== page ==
Speaking from the Milken Institute’s Global Conference, Citadel’s CEO Ken Griffin said that it is his “fantasy” to break up big banks, echoing similar statements by US President Donald Trump. In an interview with Bloomberg TV, the hedge fund manager explained that since an overly concentrated market reduces competition, it is a disservice to a free economy. Griffin furthermore elaborated that he is in favor of separating the investment banks from the commercial banks, for a new Glass-Steagall Act, instead of simply breaking the big banks into “many, many small banks”.
Echoing one of his 2016 campaign suggestions, earlier on Monday president Trump also told Bloomberg that he is considering breaking up the country’s biggest banks. Later that day, White House press Secretary Sean Spicer confirmed to journalists that the Trump administration was looking into introducing “a 21st century Glass-Steagall”.
A move to reintroduce Glass-Steagall enjoys broad bipartisan support, including from Gary Cohn, Trump’s chief economic advisor and director of the National Economic Council, Treasury Secretary Steven Mnuchin and Senators Elizabeth Warren, John McCain. Senators Warren, McCain, Cantwell and King in fact introduced the “21st Century Glass-Steagall Act” on April 6th in order to “to reduce risks to the financial system”. The bill would take on “too big to fail”, the idea that the biggest banks are so critical for the US economy that their failure would be crippling, having a disastrous ripple effect in the economy, so the government should bail them out if their stability is threatened. This is precisely what Ken Griffin was lamenting about at the Global Conference on May 1.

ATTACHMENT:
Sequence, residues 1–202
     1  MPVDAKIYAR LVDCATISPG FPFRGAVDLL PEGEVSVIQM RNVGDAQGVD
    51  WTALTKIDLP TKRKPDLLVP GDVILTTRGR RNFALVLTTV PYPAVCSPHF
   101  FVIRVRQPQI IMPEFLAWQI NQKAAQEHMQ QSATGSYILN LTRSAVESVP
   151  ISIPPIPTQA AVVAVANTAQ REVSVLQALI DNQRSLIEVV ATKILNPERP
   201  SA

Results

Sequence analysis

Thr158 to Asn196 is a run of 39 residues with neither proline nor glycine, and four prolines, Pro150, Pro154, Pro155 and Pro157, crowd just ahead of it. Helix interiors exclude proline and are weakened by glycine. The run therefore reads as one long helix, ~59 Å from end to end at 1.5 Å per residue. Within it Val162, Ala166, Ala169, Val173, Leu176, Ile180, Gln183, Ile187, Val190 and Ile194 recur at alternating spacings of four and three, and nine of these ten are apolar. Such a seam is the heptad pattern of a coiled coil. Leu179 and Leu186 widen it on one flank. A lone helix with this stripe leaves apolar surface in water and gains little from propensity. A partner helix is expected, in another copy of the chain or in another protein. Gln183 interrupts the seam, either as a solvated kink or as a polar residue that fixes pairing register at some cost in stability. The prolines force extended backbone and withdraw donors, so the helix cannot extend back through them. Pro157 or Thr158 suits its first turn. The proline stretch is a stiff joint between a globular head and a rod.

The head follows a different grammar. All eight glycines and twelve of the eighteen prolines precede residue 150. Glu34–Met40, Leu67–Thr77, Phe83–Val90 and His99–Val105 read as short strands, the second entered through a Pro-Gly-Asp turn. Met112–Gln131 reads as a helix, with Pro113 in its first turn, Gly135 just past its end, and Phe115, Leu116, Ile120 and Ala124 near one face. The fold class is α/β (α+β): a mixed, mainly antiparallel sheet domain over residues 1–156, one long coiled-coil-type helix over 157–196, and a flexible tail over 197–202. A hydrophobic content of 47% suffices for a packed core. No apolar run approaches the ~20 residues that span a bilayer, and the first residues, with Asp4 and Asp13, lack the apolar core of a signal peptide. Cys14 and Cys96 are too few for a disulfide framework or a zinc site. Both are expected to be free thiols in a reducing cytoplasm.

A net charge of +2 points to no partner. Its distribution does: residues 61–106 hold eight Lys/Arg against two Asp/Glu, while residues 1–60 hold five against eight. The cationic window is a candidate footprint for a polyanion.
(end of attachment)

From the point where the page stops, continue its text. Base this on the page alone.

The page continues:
Passed in Congress in 1933, the Banking Act, also known as Glass-Steagall, was an emergency response to the failure of about 5,000 banks during the Great Depression. It prohibited commercial banks from investment activities, created the Federal Deposit Insurance Corporation (FDIC) and the Federal Open Market Committee (FOMC).
Some believe that its partial repeal in 1999 through the Graham-Leach-Bliley Act contributed to the 2008 financial crisis and that a new Glass-Steagall would decrease the risk to which taxpayers are exposed. By separating commercial banks insured by the FDIC from the investment banks, the new bill would make “Too Big to Fail” institutions actually smaller, thus reducing risks to the financial system.